It’s been eight years since Jerry Gill’s ATV accident – eight years of constant pain and endless doses of medication. Jerry still walks very stiffly, and the trauma of his injury shows every time he stands up or sits down.
But both Jerry and his wife Lawana are very thankful that he is still alive, and are convinced his mere survival is a miracle.
“The doctor said my L-1 vertebra looked like shatterproof glass in a windshield after a car accident,” said Jerry. “It took two surgeries to take all the pieces of it out. First, they went in through my belly and took the pieces on that side out, and next they went in through my back and cleaned up the rest of it.”
“It was like a handful of cookie crumbs,” said Lawana. “There was one shard of bone only 1/10th of a millimeter from his spinal column. The doctor said he’s seen patients with less severe injuries who didn’t make it.”
Jerry’s destroyed vertebra was eventually replaced with a section of cadaver arm bone from a bone bank, and several steel rods, bolts, screws and clamps.
Jerry sustained his life-threatening injury while riding an ATV to roundup cattle on a neighbor’s leased pasture.
“We were putting up some cows to vaccinate and there were four of us on four-wheelers,” said Jerry. “The fences weren’t very good and we had only one shot to get the cows into the pen.”
Jerry chased the balky cattle down to a pond bank overgrown with thick briars and weeds. “There was an old, washed-out cow trail on the bank, and the rear tire slid off into the trail,” Jerry said. “I downshifted because of the power, and the four-wheeler went straight up and over backwards on me. I heard my back pop. I was pinned for a short time.”
Jerry managed to free his trapped leg, and then tried to assess how badly he was hurt.
“I concentrated on moving my toes,” Jerry said. “I was still all by myself. I found I could wiggle the toes on the left, and then it took a little bit to move the right toes. When they wiggled, I said ‘Thank you Lord, I’ll be able to walk.’”
Jerry stayed calm and focused. Once he verified he could still wiggle his toes, he began summoning help.
“I didn’t panic,” said Jerry. “I started to holler for help. While I hollered, I took out my cell phone and called 9-1-1, and then I called my wife at work and left a message telling her I had hurt my back and I was going to the hospital.”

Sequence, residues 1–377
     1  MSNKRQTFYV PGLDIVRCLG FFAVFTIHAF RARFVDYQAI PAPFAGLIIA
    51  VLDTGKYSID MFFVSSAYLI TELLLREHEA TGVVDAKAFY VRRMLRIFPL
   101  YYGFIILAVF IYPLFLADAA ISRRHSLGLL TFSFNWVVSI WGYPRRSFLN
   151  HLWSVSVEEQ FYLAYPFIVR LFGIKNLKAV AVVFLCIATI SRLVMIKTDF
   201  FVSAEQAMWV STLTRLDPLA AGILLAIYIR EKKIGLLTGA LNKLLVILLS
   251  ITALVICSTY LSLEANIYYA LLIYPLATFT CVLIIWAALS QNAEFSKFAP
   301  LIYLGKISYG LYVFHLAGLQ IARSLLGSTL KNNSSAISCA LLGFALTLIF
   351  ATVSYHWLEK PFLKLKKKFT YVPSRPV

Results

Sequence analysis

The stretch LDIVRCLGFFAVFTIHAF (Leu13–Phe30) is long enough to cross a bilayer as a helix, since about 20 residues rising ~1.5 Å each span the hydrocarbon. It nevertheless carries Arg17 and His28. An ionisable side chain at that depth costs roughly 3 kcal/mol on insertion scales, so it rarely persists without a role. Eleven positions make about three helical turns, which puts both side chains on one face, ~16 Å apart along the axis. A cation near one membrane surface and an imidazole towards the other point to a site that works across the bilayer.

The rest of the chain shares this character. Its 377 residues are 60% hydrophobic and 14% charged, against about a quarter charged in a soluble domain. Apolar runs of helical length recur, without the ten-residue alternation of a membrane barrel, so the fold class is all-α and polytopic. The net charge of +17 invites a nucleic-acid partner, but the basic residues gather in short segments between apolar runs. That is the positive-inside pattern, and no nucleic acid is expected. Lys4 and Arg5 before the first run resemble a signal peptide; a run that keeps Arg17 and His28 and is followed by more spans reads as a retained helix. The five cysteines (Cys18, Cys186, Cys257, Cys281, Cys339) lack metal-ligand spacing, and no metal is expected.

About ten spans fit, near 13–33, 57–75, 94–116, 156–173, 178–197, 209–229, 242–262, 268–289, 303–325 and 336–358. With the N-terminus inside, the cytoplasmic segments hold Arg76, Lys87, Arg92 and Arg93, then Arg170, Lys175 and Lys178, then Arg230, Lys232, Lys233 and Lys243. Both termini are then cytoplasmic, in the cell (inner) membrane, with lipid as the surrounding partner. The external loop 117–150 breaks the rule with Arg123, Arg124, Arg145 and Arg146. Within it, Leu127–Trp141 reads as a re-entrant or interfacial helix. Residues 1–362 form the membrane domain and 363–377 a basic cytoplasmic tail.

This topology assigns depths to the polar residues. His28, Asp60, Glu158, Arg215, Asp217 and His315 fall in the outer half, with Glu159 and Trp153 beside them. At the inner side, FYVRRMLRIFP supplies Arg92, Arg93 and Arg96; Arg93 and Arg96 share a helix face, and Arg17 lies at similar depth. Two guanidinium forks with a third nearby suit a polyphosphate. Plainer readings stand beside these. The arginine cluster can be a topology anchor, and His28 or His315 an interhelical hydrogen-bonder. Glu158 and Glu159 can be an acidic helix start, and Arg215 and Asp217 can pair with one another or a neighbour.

“I got the message, but he sounded so calm, I didn’t know how badly he was hurt,” said Lawana. “I called the guys at the farm a little later and they said that the ambulance had just gotten there, and I yelled, ‘Ambulance! What happened?’”
The paramedics who arrived on the scene quickly learned how seriously Jerry was hurt, and took every precaution they could.
Jerry endured a long, bumpy ride down an old gas-well road before the ambulance could actually put wheels on pavement. His shattered vertebra meant that his skeleton was literally broken into two separate pieces, and any one of the bumps could have meant death or paralysis.
Jerry’s accident occurred while he was riding his ATV strictly for farm work.
“I wasn’t playing, I was working. I never rode just for pleasure,” said Jerry. “It’s just a work tool for me.”
Even riders using four-wheelers for more serious work purposes need to be aware of the dangers.
“You have to be aware of your surroundings,” Jerry said. “Most of the common mistakes are drivers carrying other riders, or carrying loads that are too heavy, or operating in areas where it’s too steep. The engine is usually in back and that makes the front end a little light, and they are easy to tip over.”
Lawana even had her own four-wheeler accident on a pond bank in 2005, which broke her ankle.
Despite the hazards, Jerry finds four-wheelers to be necessary farm implements.
“I can still walk, but I can’t run and head off a cow,” said Jerry. “I need four-wheelers to get around. I am more cautious now. I remember all the time what could happen.”
The worst reminder Jerry lives with is the constant pain that’s been with him since the injury. After St. Edwards Hospital in Fort Smith finally released Jerry, he seemed to get better for a while.
“I got better for two years, and then arthritis took hold in the tissue,” Jerry said. “I’ve taken lots of pain meds, but it still hurt all the time. We took three trips to the Mayo Clinic last year and did all the tests.” While Jerry was hoping for a long-term solution, the best the doctors could do for him was install a pain pump.
“It’s no real fix,” Jerry said, “but it’s much better than the pills. The pain management doctor is going to schedule me for therapy again to build up the back muscles more, but I can only pick up about 10 pounds before I really hurt myself.”
Jerry hopes others learn from his experience, and keep safety in mind while riding four-wheelers.
“Realize the danger. The terrain can get you in trouble in a heartbeat.”


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